NYUAD Researchers Release New Date Palm Genome Sequence

The new study further uncovers the genetic basis for important fruit traits of an essential MENA region food source.

Researchers at NYU Abu Dhabi’s Center for Genomics and Systems Biology and the UAEU Khalifa Center for Genetic Engineering and Biotechnology, working with other institutions, have developed an improved assembly of the genome for the date palm using long-read sequencing technology. This improvement over the current versions of the genome will help advance further research, and also inform the propagation practices of this essential MENA region food source.

In addition, the researchers have identified the genes and mutations that lead to color change and the levels of major sugars in date palm fruit, including the genes for the enzyme invertase that breaks down sucrose into glucose and fructose. The mapping of these fruit color and sugar genes was conducted using genome-wide association studies (GWAS).  GWAS has been used for mapping important disease genes in humans, and this is the first time it has been applied to date palms.

While date palms (Phoenix dactylifera) are one of the earliest domesticated tree crops in the world and remain a major fruit crop in North Africa and the Middle East, few genomic resources exist. This, combined with long generation times, has limited evolutionary genomic studies of this perennial species.

Researchers report they have produced an improved genome assembly for date palms that is 18 percent larger and more contiguous than existing genome assemblies. This long-read genome sequence assembly, coupled with access to two large, mature date palm orchards in the United Arab Emirates, allowed them to conduct genome-wide association mapping in this species. 

As a result, they successfully mapped the previously-identified sex determination locus and genes for both fruit color and sugar level polymorphisms. Their findings are published in the journal Nature Communications.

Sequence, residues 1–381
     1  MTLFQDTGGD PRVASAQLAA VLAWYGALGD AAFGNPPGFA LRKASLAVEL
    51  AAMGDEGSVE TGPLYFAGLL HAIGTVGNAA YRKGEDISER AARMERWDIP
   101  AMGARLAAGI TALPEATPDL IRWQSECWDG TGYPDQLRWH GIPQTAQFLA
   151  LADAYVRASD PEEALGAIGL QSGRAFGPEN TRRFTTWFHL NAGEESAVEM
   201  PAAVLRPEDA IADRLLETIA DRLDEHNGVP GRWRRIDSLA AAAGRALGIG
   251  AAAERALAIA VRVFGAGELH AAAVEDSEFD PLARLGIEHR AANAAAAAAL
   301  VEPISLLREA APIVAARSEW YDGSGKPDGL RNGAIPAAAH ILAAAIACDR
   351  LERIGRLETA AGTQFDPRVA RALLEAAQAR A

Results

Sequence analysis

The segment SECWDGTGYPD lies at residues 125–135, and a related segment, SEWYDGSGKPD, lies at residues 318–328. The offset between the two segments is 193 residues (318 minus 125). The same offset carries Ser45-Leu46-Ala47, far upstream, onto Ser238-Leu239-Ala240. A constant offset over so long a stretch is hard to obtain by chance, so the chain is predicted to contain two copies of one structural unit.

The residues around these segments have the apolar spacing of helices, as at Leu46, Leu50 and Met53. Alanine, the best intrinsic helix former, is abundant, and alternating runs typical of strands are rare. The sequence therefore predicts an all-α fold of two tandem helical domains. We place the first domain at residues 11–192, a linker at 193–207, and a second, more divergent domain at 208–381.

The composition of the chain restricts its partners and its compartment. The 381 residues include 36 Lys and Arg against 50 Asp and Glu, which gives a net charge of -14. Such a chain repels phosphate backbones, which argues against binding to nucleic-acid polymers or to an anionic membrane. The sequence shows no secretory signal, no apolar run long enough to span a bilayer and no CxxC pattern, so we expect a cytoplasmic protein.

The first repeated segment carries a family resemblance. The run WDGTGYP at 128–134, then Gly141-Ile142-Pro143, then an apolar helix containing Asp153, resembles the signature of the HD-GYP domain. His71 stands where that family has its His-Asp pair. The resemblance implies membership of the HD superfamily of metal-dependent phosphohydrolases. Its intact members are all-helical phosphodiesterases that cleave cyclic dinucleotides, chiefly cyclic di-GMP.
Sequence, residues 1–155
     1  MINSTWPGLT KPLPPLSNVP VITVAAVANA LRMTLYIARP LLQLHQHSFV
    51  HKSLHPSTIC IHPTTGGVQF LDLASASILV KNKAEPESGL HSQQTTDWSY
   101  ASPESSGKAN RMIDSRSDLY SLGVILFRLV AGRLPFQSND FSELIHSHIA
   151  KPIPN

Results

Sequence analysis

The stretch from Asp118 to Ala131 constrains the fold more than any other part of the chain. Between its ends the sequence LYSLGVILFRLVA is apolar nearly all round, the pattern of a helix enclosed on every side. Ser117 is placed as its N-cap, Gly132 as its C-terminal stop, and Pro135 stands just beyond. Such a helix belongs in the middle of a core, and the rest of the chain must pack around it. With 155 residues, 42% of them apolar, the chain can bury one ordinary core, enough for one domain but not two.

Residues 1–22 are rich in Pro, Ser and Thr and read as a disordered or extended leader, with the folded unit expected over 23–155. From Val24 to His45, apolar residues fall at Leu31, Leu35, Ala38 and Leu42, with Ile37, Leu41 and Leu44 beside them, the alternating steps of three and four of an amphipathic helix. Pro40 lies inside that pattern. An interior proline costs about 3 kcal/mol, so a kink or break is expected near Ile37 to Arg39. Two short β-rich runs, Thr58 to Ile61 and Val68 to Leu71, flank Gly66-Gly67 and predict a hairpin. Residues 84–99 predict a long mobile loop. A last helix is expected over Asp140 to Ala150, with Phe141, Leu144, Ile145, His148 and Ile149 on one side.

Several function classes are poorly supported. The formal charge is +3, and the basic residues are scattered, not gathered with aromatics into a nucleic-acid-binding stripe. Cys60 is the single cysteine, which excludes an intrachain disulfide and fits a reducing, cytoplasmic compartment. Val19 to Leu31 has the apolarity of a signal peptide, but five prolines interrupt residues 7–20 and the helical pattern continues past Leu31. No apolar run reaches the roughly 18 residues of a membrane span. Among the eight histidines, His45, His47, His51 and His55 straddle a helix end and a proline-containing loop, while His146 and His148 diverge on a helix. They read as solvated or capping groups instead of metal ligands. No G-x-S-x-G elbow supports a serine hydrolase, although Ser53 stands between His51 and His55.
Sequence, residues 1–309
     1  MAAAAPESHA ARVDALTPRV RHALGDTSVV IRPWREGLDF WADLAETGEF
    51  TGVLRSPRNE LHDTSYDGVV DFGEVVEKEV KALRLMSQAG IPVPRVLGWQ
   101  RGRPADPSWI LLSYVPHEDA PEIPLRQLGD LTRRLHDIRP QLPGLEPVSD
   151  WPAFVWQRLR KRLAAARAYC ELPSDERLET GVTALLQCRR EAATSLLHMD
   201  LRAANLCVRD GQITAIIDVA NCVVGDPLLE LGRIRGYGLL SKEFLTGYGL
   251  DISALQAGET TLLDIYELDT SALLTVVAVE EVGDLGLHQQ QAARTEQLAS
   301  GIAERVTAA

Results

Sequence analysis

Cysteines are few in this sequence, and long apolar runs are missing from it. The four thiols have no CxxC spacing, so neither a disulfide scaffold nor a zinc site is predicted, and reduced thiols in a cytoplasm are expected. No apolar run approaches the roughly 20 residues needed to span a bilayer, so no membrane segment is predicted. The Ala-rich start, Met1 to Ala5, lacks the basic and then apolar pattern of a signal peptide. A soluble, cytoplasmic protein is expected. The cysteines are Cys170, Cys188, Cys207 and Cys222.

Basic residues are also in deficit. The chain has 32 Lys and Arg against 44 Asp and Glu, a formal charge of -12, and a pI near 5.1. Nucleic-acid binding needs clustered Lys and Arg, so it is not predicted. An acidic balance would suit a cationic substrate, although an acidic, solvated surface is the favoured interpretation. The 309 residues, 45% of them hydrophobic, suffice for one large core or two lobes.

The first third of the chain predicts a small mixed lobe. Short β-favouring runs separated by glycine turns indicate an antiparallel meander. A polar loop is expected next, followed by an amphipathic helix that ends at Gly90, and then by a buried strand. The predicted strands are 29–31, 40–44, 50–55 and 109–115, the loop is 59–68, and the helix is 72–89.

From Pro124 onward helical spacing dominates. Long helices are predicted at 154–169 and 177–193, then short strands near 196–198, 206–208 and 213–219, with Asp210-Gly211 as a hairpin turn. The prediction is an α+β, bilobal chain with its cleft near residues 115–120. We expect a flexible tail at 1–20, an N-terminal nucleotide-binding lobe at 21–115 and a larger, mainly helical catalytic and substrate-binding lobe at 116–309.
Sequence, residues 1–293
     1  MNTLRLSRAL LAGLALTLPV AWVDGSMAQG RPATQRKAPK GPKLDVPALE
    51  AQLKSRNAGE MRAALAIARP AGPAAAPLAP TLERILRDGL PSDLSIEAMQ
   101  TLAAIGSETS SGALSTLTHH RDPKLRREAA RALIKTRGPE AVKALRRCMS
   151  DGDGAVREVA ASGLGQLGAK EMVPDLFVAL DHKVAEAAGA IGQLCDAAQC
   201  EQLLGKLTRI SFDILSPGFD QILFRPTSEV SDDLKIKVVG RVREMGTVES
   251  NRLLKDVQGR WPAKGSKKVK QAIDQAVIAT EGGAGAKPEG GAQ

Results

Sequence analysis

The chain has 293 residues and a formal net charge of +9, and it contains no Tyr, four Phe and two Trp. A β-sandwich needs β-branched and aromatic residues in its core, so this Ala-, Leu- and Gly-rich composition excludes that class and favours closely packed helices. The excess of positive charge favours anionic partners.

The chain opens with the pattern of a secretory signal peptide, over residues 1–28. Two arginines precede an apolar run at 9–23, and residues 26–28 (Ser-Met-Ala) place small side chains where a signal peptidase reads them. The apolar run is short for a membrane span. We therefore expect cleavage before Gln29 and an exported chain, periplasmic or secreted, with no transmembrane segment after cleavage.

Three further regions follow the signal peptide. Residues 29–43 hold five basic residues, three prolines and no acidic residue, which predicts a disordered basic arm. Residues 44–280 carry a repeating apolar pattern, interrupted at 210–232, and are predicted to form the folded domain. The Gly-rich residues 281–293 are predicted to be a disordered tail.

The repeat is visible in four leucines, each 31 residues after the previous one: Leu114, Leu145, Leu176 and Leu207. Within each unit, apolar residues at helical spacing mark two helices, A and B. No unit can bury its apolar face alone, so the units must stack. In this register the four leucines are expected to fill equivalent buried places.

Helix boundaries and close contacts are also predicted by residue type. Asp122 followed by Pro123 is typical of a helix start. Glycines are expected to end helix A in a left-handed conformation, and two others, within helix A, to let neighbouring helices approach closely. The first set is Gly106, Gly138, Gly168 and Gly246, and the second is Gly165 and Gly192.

As we face challenges in food security for the future, we will need to continue to study the genome of food crops like date palm to help us in our struggle to provide food security in the world.

Michael Purugganan, lead scientist

“As we face challenges in food security for the future, we will need to continue to study the genome of food crops like date palm to help us in our struggle to provide food security in the world," said Silver Professor of Biology at New York University and lead scientist on the paper Michael Purugganan. "Our progress in expanding the genome of the date palm is finally unlocking some of the secrets that explain how this tree species has continued to thrive in varied, challenging ecosystems.”

Global Collaboration

The sequencing of the date palm genome and the first GWAS mapping in this fruit tree was an international effort led by NYUAD and KCGEB, and also included researchers in the US, Switzerland, France, UK, Saudi Arabia, and Mexico.

About NYU Abu Dhabi

NYU Abu Dhabi is the first comprehensive liberal arts and science campus in the Middle East to be operated abroad by a major American research university. NYU Abu Dhabi has integrated a highly-selective liberal arts, engineering and science curriculum with a world center for advanced research and scholarship enabling its students to succeed in an increasingly interdependent world and advance cooperation and progress on humanity’s shared challenges. NYU Abu Dhabi’s high-achieving students have come from more than 115 nations and speak over 115 languages. Together, NYU's campuses in New York, Abu Dhabi, and Shanghai form the backbone of a unique global university, giving faculty and students opportunities to experience varied learning environments and immersion in other cultures at one or more of the numerous study-abroad sites NYU maintains on six continents.